Muthas of invention: five genre-defining artists you may never have heard of
2. Silver Apples – You And I (1969)
Silver Apples was an experimental psychedelic duo from New York that existed from 1967 to 1970. They were early pioneers in synthesiser music. In fact, band member Simeon Coxe III built his own synth, which is why it sounds so enigmatic. Danny Taylor played the drums, and the two created a strange new sound, one that essentially abandoned standard pop sounds completely and boldly entered into a strange new alien world.
Had they had a modicum of success, they’d clearly be cited as influences on everyone from Kraftwerk to Chrome, but unfortunately, their career was cut short by a lawsuit. The cover of their second album, Contact, featured the two men in the cockpit of a Pan Am airplane, surrounded by piles of drugs. Pan Am consequently sued them out of existence, at least until their late-90s reunion.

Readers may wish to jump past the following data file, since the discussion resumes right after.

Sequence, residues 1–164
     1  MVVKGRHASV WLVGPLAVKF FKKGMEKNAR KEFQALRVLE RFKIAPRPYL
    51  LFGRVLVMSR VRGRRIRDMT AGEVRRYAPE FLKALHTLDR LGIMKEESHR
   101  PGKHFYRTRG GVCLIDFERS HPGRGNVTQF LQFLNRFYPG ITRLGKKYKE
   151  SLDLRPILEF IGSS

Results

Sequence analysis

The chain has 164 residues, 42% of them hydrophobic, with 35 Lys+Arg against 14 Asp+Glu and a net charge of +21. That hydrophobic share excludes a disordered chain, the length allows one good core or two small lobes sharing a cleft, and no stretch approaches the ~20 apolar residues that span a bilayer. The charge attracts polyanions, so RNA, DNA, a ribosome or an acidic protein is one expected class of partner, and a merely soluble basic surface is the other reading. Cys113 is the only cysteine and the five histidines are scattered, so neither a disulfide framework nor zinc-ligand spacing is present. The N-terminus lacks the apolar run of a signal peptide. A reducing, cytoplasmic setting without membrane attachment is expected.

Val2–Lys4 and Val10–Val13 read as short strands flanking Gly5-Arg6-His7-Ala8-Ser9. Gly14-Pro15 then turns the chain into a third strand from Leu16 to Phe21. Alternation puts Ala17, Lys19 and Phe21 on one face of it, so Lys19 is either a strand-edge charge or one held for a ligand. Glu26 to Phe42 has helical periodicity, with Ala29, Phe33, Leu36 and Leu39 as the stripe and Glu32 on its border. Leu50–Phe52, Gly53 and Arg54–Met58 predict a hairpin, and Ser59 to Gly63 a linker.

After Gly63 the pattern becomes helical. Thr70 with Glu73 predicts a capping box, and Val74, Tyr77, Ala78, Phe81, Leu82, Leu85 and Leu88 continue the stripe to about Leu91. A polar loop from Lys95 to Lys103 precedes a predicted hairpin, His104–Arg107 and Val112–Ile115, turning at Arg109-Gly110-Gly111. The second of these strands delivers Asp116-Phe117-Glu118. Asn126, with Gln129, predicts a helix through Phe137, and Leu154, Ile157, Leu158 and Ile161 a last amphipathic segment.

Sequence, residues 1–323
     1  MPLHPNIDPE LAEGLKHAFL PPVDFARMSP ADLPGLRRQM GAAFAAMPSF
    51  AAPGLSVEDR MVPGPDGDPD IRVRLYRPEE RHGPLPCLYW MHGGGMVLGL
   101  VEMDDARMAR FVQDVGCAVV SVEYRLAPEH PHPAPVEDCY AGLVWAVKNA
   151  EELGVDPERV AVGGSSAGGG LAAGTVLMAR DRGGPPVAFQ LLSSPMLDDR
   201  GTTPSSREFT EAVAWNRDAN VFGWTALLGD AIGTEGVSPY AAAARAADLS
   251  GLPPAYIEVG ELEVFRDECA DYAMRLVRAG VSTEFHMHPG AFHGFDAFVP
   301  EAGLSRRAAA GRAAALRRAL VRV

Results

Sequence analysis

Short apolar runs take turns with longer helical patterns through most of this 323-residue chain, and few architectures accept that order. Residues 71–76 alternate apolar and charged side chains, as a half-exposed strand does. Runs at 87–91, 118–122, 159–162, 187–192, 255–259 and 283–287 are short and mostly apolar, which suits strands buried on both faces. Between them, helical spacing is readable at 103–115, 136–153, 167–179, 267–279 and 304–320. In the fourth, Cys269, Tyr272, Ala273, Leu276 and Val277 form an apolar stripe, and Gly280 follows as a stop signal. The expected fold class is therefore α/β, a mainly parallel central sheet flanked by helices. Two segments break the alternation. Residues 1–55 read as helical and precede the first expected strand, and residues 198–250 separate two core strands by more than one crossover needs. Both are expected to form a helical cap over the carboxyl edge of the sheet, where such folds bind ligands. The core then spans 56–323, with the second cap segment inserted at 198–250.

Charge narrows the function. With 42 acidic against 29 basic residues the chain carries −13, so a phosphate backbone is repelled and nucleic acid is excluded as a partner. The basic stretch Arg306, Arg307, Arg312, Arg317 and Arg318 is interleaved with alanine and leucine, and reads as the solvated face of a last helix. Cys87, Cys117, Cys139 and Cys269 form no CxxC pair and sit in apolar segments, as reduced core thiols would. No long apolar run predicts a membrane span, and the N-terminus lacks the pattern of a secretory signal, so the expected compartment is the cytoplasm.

What’s particularly notable about You And I – and the whole Contact album, really – is how it sounds contemporary in almost every decade, except for its own. The noodling synth, stripped-raw beat and disaffected vocals fit neatly into the minimal synth/coldwave movement of the 80s, the underground electronica of the 90s, and whatever lo-fi beachwave/witchouse scene that’s happening in Brooklyn right now. There’s a good chance that it will always sound 10 years ahead of its time.